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Part 8: John the Baptist’s Final Testimony (3:22-36)
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Jesus now leaves Jerusalem and heads out into the “Judean countryside”. Here in this little prelude we see Jesus and John the Baptist being compared to each other. This isn’t the negative comparison that world does, but rather it is a comparison of just the facts. Then we come to verse twenty-four and we get a preview of things to come. It tells us that John wasn’t in jail yet.
From this we shift the scene just to John and his disciples. An argument arises between one of his disciples and the Jews about purification, or the purpose of baptism. It is right here in verse twenty-six where the comparison really starts. This comparison is started or stated in a negative way. “Everyone is going to Him instead of us.” This is almost a complaint on the part of John’s disciple. Can’t you feel the thought going through the man’s head and hear his winy tone of voice? He’s thinking to himself: “If you’re really from God as you say you are then why is everyone going to Jesus rather than coming to us?”
John jumps at this question without even flinching. He starts off telling them that anything that anyone has is directly from God. This really is a call for them to wake up and start thinking. From here John again points out that he is not the Messiah and jumps into a beautiful metaphor for his and Jesus’ ministries and how they complement each other. His metaphor of a groom and best man eloquently articulates this point.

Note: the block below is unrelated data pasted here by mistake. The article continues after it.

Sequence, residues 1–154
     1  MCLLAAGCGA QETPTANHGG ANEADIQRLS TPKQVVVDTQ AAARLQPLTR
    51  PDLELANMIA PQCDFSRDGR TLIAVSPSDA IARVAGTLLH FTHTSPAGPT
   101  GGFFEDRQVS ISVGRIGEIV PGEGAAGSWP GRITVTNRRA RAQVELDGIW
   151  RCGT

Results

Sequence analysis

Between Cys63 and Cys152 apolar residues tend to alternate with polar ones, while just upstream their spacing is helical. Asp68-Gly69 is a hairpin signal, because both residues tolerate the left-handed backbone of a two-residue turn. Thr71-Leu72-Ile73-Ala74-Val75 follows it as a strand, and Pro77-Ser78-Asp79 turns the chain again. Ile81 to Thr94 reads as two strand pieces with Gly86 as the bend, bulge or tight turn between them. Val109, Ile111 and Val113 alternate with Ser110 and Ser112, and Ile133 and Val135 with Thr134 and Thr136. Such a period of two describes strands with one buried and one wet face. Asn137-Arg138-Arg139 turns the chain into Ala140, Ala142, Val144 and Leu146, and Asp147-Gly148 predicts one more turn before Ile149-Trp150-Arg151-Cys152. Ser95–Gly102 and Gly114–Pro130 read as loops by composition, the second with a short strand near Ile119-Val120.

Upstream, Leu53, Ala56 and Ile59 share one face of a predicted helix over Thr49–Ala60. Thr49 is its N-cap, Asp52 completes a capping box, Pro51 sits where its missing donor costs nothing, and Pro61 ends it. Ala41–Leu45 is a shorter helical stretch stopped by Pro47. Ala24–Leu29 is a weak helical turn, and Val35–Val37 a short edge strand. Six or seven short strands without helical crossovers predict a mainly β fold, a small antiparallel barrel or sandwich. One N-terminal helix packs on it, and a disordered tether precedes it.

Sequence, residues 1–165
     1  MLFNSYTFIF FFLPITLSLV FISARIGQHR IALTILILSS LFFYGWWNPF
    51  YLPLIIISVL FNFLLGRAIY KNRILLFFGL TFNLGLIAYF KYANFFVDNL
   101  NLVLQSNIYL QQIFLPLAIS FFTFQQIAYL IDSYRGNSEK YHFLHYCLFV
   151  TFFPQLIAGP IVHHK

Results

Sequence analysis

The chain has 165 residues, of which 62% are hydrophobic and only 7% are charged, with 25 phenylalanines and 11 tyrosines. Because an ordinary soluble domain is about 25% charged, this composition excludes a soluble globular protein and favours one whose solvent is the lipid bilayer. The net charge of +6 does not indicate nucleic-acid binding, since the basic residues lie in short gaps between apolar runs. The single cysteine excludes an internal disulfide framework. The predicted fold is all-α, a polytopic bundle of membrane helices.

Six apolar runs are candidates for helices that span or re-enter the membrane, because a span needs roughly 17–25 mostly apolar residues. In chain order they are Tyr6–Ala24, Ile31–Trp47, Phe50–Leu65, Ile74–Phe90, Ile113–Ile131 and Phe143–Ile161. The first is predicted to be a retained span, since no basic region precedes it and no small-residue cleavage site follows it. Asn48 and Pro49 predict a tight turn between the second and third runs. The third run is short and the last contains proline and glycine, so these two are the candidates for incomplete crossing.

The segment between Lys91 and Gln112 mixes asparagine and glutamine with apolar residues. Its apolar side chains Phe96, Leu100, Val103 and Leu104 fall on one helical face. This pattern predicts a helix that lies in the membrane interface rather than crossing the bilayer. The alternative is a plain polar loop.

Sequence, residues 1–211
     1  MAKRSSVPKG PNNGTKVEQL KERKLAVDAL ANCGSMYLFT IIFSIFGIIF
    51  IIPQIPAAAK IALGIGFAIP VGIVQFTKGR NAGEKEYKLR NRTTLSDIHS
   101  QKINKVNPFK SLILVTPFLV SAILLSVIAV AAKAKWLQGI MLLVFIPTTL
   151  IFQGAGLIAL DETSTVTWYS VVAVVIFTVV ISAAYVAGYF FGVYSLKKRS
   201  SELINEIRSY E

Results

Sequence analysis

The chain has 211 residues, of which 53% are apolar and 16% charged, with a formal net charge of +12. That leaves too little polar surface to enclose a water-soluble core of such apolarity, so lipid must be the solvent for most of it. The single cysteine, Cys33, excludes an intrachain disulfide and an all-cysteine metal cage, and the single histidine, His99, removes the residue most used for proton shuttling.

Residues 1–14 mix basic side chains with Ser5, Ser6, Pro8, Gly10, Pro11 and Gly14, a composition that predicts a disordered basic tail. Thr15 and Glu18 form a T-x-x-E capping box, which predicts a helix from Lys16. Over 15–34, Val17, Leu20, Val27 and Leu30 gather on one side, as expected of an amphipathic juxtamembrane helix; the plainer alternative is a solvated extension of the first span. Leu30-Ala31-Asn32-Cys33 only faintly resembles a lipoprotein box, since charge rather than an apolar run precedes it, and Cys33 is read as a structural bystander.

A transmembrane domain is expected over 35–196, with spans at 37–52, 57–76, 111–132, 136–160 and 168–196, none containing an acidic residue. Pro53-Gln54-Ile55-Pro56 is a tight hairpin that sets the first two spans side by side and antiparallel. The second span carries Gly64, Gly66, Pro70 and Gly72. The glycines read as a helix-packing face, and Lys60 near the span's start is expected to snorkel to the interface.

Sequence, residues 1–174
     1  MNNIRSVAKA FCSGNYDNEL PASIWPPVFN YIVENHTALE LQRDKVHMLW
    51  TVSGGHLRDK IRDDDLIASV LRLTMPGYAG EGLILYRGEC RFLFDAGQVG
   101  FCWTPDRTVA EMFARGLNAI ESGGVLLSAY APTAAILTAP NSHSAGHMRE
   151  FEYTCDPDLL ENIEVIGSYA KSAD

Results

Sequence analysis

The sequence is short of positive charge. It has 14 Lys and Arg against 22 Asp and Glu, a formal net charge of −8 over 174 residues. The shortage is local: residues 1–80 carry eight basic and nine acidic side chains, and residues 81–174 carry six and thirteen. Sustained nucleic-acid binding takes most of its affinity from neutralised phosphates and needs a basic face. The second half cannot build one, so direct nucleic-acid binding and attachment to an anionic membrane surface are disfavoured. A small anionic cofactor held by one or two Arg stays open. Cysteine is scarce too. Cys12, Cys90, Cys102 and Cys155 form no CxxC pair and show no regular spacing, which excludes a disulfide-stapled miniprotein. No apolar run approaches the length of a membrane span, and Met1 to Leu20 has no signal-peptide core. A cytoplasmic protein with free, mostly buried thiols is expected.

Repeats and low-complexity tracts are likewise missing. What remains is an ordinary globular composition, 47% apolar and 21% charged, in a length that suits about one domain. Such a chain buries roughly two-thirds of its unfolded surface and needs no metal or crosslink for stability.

The idea here is that a man will pick his best friend to be his best man at his wedding. This best friend is full of joy for his friend’s wedding. How could he not be? The next statement is because Jesus “has come to His wedding” the best man has to step out of the spotlight and allow the groom to take the spotlight. This is natural in its flow. Of course the best man must step out of the spotlight to allow the wedding to proceed. If the best man stole the spotlight would he really be the best man or rather an opponent?
John the Baptist moves her from his metaphor of marriage, or a wedding, onto telling what he means. John makes a statement about Jesus twice, here, but only makes the statement about himself once. “The one who come from above is above all,” he says about Jesus, but the one from the earth (John, himself) can only speak of earthly things. Then John goes on to restate what he had said about Jesus, but this time pointing toward heaven rather than just “above”. John deals with Jesus’ testimony next.
Here John echoes Jesus’ words from earlier in the chapter (verse 11). He starts moving into a grand statement about not only Jesus’ ministry, but who Jesus is, exactly. “The one who does accept His words,” this person will put all of themselves “on the line for this one thing: that God is truth, completely and totally.” This statement points out what we have to do to really say we believe in Jesus. We have to believe “that God is true.” (ESV) If you stop and truly think about this statement you see: How can it be any other way? How can you believe in something that you think is a lie?
John moves onto material that Jesus, Himself, covers later (Chapter 5). John succinctly gives his explanation of who Jesus is. This is how Chapter 3 closes. It started with grand, eloquent statements made by the Son of God and it is ended with statements of the authority of the Son. “The Father loves the son so much that He put everything under the Son’s control.” The WEB translates this verse “The Father loves the Son and has given all things into his hand.”
The final remarks of John the Baptist in this chapter reflect Jesus’ own in verse 18. This allows us to see the unity across teaching. So it comes down to one question at the end of this chapter: Do you believe in the Son of God, Jesus, or not?